Some Craig business owners say that any change in city policy that improves communication between the Craig City Council and liquor license holders is much needed. Others believe a new policy would create some consistency in a process that has been largely inconsistent and has created tension among business owners and the council.
"The city needs to be proactive rather than reactive and set up some concepts and guidelines we can follow instead of just getting frustrated," said Josh Lawson, owner of Bad to the Bone restaurant in Craig.
Employees of five businesses were cited in the latest Grand Futures/Craig Police Department undercover operation that tested whether businesses were serving alcohol to minors. The liquor licenses of three of those businesses have been before the council for renewal, but their owners did not attend the meeting.
That situation is what prompted the council to develop a policy for liquor license renewals when the business has had a violation.
Violations range from serving minors, to over serving, to having numerous calls to the police department for disturbing the peace or disorderly conduct.
City officials are developing a policy in which the council and business owner would be notified immediately following a violation and that business owner would appear before the council for a "show cause hearing." There, the business owner would be called on to demonstrate what is being done to ensure there won't be a repeat of the violation.
"I think business owners should show up if their liquor license is on the line," said Diana Knez. She and her husband own the OP Bar and Grill. "We'd definitely be there if they had questions and show interest in keeping our business and keeping our license."
Currently, the violation is only addressed when the businesses liquor license is up for annual renewal and business owners aren't told they are required to monitor a situation that in the past has been a "rubber stamp" procedure.
An employee of Bad the Bone was cited in the last sting and Lawson was one of the business owners who didn't attend his license renewal hearing. He said he wasn't informed there would be a discussion about his license or that a violation was logged that might impede its renewal.
"In the 15 years that I've had a liquor license, there was never more than a rubber stamp to approve it," he said.
He said he's lost all respect for the city council for the way the situation was handled.
"The lines of communication need to be open before someone opens their mouth and bitches and moans," he said. "I didn't elect a bunch of people to sit on their butts and make assumptions on what my regard and respect for them are. Don't they think that if I thought for a moment that my liquor license was in jeopardy that I would be there? Of course I'd be there."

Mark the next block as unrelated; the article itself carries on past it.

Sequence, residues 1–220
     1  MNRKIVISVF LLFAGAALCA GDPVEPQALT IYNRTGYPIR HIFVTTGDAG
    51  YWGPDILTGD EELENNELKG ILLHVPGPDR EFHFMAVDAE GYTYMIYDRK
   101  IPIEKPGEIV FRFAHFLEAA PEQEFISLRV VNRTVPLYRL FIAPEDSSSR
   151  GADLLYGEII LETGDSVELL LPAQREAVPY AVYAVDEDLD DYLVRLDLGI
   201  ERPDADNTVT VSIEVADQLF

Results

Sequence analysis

Lawson said his employee was cited for serving a minor and he was given only what he considered to be a verbal warning. In response, he called a meeting of employees and discussed procedures for serving alcohol.
City officials take some responsibility for the lack of attendance at liquor license renewal hearings.
"It's partially our fault because we didn't tell them they needed to (attend)," City Manager Jim Ferree said.
The city council is the local liquor licensing authority. It has the power to suspend a liquor license for up to 14 days, levy a fine or revoke a license, actions council members said they would only consider for second and subsequent violations.
"Some times, for some people, the only way they can be made aware of the law is to be punished," Knez said. "Being a business owner, you need to be responsible."
In making a decision, the council would take into consideration the seriousness of the violation, corrective action taken by the licensee after the violation, prior violations, likelihood of recurrence, extenuating circumstances and others.
Ferree recommended that the council establish general guidelines giving some flexibility for dealing with each unique situation.
Jim Diehl, owner of Carelli's Italian Restaurant in Craig, was also one of the businesses whose employee was cited for serving a minor. He said the policy sounds fair.
"A punishment is definitely important for repeat offenders," he said, " but I think they can easily take it too far."
He said he also wasn't informed that the council would be discussing the violation when his license was renewed.
In the case of serving alcohol to a minor, the employee is cited, not the business and business owners generally aren't made aware of the outcome of the citation. In several cases, the employee has been terminated.
Diehl said he's got no problem attending a council meeting at which his liquor license is being discussed.
"Losing your liquor license can kill a small independent," he
The council will address the first version of an ordinance on liquor licensing policies at its regular meeting on July 22.
Christina M. Currie can be reached at 824-7031, Ext. 210 or by e-mail at email@example.com.